Quote of the week

The judgments are replete with the findings of dishonesty and mala fides against Major General Ntlemeza. These were judicial pronouncements. They therefore constitute direct evidence that Major General Ntlemeza lacks the requisite honesty, integrity and conscientiousness to occupy the position of any public office, not to mention an office as more important as that of the National Head of the DPCI, where independence, honesty and integrity are paramount to qualities. Currently no appeal lies against the findings of dishonesty and impropriety made by the Court in the judgments. Accordingly, such serious findings of fact in relation to Major General Ntlemeza, which go directly to Major General Ntlemeza’s trustworthiness, his honesty and integrity, are definitive. Until such findings are appealed against successfully they shall remain as a lapidary against Lieutenant General Ntlemeza.

Mabuse J
Helen Suzman Foundation and Another v Minister of Police and Others
22 March 2007

Wanted: Biko not Mbeki

As is often the case these days, Xolela Mangcu delivers a thoughful column for Business Day. His take on President Thabo Mbeki and his missives on racism is particularly acute.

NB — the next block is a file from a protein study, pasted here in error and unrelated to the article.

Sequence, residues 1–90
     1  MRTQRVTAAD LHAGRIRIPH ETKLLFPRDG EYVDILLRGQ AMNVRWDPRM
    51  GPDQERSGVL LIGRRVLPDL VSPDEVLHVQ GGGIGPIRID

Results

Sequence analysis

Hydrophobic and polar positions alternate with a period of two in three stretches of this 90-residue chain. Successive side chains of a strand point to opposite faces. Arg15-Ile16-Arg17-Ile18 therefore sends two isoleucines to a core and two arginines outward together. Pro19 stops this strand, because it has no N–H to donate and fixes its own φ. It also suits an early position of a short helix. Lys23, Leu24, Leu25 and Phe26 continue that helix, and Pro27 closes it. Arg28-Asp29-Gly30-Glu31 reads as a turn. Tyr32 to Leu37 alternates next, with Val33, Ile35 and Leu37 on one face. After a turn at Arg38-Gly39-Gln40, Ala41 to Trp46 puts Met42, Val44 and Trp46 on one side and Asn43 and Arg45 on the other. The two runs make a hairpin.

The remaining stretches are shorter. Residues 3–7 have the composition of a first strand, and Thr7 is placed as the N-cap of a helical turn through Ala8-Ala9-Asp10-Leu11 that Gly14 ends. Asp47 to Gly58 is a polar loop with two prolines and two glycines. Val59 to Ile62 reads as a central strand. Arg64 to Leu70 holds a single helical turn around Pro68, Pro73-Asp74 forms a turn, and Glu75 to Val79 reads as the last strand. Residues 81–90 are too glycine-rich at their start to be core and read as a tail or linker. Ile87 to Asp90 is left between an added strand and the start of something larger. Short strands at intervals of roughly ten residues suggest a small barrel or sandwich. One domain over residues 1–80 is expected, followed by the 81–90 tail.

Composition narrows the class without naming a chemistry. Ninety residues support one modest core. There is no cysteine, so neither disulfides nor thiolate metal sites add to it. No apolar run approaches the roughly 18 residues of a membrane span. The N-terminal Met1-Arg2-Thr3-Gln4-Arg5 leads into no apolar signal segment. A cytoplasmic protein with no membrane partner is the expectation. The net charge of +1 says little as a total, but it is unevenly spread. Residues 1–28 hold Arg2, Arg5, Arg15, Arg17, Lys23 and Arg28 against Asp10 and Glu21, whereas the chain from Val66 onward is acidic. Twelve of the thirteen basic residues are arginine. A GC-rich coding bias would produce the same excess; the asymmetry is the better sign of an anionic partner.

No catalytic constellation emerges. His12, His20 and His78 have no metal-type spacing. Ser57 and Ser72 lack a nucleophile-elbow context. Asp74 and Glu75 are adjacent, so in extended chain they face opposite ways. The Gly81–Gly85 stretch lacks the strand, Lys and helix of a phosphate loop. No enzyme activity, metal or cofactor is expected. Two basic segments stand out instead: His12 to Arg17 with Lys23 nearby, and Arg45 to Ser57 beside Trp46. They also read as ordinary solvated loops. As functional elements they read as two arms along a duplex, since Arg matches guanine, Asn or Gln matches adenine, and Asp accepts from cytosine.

I have often wondered what gives President Thabo Mbeki special access to the experience of racism — access those of us who lived under the apartheid regime all those dark years somehow seem never to have had. Race has such a privileged space in the president’s thinking that no ordinary personal experience has any autonomy. The irony of this apparent radicalism is that black experience is always explained in terms of white experience. In this over-racialised framework, HIV/AIDS does not have any autonomy — it is white people who see black people as “germ carriers”.

In the same way, corruption does not have any autonomy — it is a figment of white people’s imagination. Crime does not have any autonomy — it is white people fixated on black people as the “swart gevaar”.

Ouch! Mangcu seems to be saying that President Mbeki needs to read a bit more of the work of Steve Biko so that he can free himself from the internalised racial oppression and can learn to be free from always having to worry about what white people think. I suspect the implied criticism at Mbeki for not having lived in South Africa also has a double importance because it is exactly a person who lived most of his life as part of a racial minority in the UK who would continue to obsess about the racism of whites.

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